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Aloe extract block 100gr

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Aloe extract block 100gr

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€5.40
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Quick Overview

The various kinds of aloe are recommended for the treatment of atonal constipation and dysmenorrhoea.



Kouvatsos Philippos clinical dietician-nutritionist

Product Description

Aloe vera is in Greek known as aloe or perdika. It originated in Africa where related species have been used as an antidote for poison arrows wounds. Ancient Greeks and Romans were familiarized with this plant and would also use it to heal wounds. Its gel is thin, jellylike mucilage sourced from fresh leaves. In 77 AD Pliny the Elder wrote “aloe’s uses are many but it is mainly used as a laxative, as it is the only laxative which is tonic for the stomach”.

Aloe was widely used as a laxative in the middle ages. In China, its gel was also used as a laxative and in India as an ingredient of beverages.

Aloe vera juice is used dried or dehydrated as a pharmaceutical product. It contains aloin, anthraquinone and resin. Aloe has laxative, vulnerary, emmenagogue and vermifuge activity and it can be used externally as an emollient, vulnerary agent. It can be used internally as a strong laxative. A small dosage increases menstruation. Aloe vera juice can be used on the skin to heal light burns, sun burns and insect bites. When used internally as an emmenagogue, it should be combined with antiflatulent herbs to prevent stomach pains. Aloe should be avoided during pregnancy as it causes contraction of the uterus. It should also be avoided during lactation, because it could act as a laxative for the baby.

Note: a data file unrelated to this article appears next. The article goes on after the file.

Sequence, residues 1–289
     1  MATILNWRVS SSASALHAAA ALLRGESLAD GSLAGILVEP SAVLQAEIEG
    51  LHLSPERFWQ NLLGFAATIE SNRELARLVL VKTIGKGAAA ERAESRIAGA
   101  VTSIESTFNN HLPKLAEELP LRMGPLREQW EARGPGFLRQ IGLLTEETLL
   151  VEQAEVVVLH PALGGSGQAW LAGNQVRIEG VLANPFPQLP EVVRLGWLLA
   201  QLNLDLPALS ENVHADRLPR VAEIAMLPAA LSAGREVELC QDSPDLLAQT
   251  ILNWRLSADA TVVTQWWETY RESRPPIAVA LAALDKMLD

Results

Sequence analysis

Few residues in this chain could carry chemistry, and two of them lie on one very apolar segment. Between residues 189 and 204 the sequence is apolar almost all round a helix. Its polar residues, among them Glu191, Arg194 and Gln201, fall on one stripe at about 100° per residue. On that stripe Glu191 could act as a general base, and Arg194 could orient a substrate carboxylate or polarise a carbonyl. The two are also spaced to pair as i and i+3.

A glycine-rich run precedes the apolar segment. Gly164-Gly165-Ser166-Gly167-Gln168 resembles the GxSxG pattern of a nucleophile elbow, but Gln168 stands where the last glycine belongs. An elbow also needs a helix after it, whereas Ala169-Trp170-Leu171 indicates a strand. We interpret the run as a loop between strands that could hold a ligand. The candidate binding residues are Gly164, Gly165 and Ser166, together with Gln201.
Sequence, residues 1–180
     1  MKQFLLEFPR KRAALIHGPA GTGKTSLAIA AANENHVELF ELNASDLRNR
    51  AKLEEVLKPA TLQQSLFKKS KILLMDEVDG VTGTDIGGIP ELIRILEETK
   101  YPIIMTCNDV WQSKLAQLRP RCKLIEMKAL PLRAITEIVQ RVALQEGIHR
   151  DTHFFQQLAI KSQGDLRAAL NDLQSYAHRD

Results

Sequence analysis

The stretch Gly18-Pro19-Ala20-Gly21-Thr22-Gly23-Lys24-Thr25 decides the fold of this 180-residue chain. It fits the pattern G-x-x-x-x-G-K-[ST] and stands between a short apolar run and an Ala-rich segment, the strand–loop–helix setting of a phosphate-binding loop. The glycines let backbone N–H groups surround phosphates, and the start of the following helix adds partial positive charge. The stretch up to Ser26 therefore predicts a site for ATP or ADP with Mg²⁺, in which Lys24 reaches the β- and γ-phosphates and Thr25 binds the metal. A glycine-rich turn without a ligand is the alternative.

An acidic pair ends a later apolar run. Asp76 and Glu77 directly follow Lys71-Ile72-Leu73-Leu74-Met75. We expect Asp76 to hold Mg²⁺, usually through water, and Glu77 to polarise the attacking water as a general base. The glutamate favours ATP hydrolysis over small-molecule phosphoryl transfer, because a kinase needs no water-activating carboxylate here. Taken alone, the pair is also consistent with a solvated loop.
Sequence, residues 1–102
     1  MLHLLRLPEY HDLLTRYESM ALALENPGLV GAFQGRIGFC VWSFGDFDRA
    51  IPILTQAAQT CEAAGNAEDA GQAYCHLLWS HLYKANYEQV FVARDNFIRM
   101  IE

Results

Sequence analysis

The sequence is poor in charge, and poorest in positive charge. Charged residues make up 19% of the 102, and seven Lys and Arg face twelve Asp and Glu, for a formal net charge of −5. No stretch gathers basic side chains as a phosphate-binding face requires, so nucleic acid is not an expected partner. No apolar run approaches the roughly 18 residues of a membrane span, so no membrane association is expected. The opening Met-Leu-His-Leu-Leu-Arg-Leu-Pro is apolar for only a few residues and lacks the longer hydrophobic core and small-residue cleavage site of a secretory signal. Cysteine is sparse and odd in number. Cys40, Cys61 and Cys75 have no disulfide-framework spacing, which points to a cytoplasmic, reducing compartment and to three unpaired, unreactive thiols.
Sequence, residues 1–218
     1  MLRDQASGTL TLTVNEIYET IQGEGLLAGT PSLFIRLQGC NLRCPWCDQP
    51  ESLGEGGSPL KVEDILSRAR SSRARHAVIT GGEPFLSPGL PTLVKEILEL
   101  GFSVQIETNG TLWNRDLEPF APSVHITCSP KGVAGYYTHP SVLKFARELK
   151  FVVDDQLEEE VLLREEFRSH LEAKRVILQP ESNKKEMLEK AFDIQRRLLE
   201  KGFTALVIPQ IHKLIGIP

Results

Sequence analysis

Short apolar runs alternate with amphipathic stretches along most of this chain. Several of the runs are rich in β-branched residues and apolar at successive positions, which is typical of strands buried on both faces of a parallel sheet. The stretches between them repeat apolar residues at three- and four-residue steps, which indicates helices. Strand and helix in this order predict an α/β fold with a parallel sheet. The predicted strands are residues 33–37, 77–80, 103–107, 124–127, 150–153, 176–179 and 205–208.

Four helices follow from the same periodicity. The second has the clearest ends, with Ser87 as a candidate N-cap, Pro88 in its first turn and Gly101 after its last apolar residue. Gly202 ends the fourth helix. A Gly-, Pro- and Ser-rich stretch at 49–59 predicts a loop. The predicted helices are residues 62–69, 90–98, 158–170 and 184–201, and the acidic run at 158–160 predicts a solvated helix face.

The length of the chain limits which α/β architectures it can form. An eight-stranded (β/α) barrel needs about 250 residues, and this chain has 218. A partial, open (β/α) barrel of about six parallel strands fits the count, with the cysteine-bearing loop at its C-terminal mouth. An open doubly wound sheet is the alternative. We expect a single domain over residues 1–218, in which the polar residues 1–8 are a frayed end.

For internal use, the dosage is 0.1-0.3 grams of juice. For external use, apply fresh juice on the affected area.

Leaves can be used to prepare a tincture or powder for the treatment of persistent constipation. Use 1-3 ml per dose of the tincture as an appetite stimulant or for the treatment of constipation, even though its taste is quite unpleasant. Daily dosage of the powder is 100-500mg to use as a laxative or to stimulate the flow of bile.



* Sakis Kouvatsos, “Chaniotika nea”

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